Day: Woods feeling good, hitting it long

By Golf Channel DigitalNovember 22, 2017, 9:33 pm

Jason Day says Tiger Woods told him he feels better than he has in three years, which is good news for Woods a week ahead of his return to the PGA Tour at the Hero World Challenge.

Day, a fellow Nike endorser, was asked about Woods during his news conference at the Emirates Australian Open on Wednesday. "I did talk to him," Day said, per a report in the Sydney Morning Herald,"and he did say it's the best he's ever felt in three years'" Day said.

"He doesn't wake up with pain anymore, which is great. I said to him, 'Look, it's great to be one of the best players ever to live, but health is one thing that we all take for granted and if you can't live a happy, healthy life, then that's difficult.'"

The Hero World Challenge will be played Nov. 30-Dec. 3 in the Bahamas and broadcast on Golf Channel and NBC.

Day, who has had his own health issues, said he could empathize with Woods.

"I totally understand where he's coming from, because sometimes I wake up in the morning and it takes me 10 minutes to get out of bed, and for him to be in pain for three years is very frustrating."

Woods has not played since February after undergoing surgery following a recurrence of back problems.

"From what I see on Instagram and what he's been telling me, he says he's ready and I'm hoping that he is, because from what I hear, he's hitting it very long," Day said.

"And if he's hitting it long and straight, then that's going to be tough for us because it is Tiger Woods. He's always been a clutch putter and in amongst the best and it will be interesting to see.

"There's no pressure. I think it's a 17- or 18-man field, there's no cut, he's playing at a tournament where last year I think he had the most birdies at."

Move over Lydia, a new Ko is coming to LPGA

By Randall MellNovember 22, 2017, 5:11 pm

Another gifted young South Korean will be joining the LPGA ranks next year.

Jin Young Ko, the Korean LPGA Tour star, informed the American-based LPGA on Sunday night that she will be taking up membership next year. Ko earned the right by winning the LPGA’s KEB Hana Bank Championship as a nonmember in South Korea in October.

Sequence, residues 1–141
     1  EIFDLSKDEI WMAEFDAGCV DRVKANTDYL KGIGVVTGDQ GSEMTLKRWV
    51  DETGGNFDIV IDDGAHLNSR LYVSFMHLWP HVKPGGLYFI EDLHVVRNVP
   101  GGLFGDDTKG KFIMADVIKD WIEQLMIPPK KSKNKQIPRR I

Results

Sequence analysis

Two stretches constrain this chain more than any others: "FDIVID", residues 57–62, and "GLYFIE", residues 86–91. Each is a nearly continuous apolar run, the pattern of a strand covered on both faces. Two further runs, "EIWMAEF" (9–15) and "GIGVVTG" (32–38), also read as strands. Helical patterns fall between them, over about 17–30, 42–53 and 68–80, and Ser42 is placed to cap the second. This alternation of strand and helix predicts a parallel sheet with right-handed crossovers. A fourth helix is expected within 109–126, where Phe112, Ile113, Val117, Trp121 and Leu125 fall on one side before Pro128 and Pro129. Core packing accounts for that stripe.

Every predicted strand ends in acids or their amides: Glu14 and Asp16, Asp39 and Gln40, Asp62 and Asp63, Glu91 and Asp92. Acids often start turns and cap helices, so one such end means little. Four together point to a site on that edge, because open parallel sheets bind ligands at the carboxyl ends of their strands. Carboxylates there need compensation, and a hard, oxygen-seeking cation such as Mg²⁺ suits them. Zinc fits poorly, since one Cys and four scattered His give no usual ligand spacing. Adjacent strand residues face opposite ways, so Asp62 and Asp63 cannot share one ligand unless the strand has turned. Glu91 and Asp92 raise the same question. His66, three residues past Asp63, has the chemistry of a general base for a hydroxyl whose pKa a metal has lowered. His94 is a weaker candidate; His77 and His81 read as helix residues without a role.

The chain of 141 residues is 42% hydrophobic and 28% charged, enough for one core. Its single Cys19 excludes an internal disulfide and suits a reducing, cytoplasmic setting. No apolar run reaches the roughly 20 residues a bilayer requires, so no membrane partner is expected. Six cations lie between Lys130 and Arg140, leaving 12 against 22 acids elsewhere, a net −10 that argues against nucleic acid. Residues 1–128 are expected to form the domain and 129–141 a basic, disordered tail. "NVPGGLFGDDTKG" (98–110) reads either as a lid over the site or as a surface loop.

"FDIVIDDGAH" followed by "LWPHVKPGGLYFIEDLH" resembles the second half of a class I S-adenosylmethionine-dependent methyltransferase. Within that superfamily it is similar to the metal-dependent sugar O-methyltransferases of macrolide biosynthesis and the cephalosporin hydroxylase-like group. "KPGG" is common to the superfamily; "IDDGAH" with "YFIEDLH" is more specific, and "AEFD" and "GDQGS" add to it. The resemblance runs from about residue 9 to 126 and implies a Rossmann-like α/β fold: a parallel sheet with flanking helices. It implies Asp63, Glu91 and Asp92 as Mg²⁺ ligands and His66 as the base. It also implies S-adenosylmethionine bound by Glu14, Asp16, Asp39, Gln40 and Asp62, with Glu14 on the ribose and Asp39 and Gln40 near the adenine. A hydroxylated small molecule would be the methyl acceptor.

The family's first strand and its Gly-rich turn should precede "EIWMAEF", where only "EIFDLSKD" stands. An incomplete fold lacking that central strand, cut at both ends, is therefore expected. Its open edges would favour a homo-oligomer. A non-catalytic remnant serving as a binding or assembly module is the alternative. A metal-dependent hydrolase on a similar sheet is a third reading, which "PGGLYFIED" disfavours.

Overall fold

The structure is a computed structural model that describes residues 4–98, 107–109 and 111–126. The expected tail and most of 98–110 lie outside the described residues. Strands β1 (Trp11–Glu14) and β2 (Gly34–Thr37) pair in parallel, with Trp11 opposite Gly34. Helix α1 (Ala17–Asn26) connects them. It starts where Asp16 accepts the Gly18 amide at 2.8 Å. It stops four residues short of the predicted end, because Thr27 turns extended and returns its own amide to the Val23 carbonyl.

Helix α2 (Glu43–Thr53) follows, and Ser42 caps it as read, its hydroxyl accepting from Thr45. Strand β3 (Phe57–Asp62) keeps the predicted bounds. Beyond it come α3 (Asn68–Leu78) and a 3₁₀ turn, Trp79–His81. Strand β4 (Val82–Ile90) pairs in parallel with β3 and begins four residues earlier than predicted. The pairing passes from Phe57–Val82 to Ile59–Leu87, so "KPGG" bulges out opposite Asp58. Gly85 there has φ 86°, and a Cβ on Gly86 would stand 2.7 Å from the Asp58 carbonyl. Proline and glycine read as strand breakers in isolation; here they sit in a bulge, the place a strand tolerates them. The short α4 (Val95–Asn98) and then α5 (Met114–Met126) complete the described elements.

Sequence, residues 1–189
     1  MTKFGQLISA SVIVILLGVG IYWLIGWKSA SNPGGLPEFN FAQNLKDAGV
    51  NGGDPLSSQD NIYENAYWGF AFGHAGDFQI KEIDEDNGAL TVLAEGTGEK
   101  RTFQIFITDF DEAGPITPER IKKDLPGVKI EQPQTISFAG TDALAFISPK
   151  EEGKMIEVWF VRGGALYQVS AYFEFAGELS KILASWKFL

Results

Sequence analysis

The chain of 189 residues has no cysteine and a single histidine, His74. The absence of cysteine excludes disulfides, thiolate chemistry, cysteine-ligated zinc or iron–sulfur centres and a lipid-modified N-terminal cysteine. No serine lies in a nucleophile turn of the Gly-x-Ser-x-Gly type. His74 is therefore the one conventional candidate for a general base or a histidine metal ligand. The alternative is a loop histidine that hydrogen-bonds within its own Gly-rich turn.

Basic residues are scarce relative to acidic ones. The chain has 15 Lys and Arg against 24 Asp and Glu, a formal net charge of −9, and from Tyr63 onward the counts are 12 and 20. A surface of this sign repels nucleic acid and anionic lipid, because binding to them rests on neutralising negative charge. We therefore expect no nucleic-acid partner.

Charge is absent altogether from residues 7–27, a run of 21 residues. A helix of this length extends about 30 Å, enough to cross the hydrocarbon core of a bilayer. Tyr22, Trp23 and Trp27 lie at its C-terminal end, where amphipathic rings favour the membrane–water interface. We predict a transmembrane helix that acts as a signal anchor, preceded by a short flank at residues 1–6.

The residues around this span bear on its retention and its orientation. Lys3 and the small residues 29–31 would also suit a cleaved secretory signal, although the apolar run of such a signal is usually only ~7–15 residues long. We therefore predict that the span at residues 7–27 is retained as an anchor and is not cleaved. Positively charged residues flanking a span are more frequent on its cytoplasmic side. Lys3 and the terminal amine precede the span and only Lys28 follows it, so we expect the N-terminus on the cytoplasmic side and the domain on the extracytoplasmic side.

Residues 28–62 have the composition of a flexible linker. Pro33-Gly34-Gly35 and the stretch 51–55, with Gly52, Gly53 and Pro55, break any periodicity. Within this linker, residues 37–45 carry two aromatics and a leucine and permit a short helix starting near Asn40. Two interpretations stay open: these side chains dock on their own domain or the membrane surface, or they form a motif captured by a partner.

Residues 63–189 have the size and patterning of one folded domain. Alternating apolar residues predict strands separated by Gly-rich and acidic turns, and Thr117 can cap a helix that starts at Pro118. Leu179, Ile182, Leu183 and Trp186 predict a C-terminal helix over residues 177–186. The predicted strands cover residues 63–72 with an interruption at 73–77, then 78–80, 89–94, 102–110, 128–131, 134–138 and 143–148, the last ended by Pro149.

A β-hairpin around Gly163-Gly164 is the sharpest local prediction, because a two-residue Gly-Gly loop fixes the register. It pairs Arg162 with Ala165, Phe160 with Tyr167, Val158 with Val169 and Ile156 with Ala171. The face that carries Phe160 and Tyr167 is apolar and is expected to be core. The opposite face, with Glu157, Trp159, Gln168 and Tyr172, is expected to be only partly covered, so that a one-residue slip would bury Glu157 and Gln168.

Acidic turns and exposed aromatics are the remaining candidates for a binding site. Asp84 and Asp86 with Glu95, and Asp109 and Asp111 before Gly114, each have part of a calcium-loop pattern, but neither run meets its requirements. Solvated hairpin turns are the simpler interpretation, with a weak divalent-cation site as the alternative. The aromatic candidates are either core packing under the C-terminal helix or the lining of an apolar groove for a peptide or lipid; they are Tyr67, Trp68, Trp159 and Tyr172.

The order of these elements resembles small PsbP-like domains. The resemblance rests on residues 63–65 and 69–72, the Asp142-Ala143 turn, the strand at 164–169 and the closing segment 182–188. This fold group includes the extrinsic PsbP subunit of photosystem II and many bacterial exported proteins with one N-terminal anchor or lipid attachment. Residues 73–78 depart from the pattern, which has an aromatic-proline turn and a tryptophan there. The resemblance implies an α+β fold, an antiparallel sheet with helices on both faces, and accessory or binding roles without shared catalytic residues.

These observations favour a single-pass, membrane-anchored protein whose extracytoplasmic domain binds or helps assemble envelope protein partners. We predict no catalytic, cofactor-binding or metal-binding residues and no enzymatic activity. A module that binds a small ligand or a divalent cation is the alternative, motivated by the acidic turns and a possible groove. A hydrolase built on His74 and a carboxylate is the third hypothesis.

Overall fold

Ko, 22, no relation to Lydia Ko, first burst on to the international spotlight with her run into contention at the Ricoh Women’s British Open at Turnberry two years ago. She led there through 54 holes, with Inbee Park overtaking her in the final round to win.

With 10 KLPGA Tour titles, three in each of the last two seasons, Ko has risen to No. 19 in the Rolex Women’s World Rankings.

Ko told GolfChannel.com Sunday afternoon that she was struggling over the decision, with a Monday deadline looming.

“It’s a difficult decision to leave home,” Ko said after the final round of the CME Group Tour Championship in Naples, when she was still undecided. “The travelling far away, on my own, the loneliness, that’s what is difficult.”

Ko will be the favorite to win the LPGA’s Louise Suggs Rolex Rookie of the Year Award next year. South Koreans have won that award the last three years. Sung Hyun Park won it this year, In Gee Chun last year and Sei Young Kim in 2015. South Korean-born players have won the last four, with New Zealand’s Lydia Ko winning it in 2014. Ko was born in South Korea and moved to New Zealand when she was 6.

Ko released this statement through the LPGA on Wednesday: 

"It has been my dream since I was young to play on the LPGA Tour and I look forward to testing myself against the best players on a worldwide stage. I know it is going to be tough but making a first win as an LPGA member and winning the Rolex Rookie of the Year award would be two of the biggest goals I would like to achieve next year."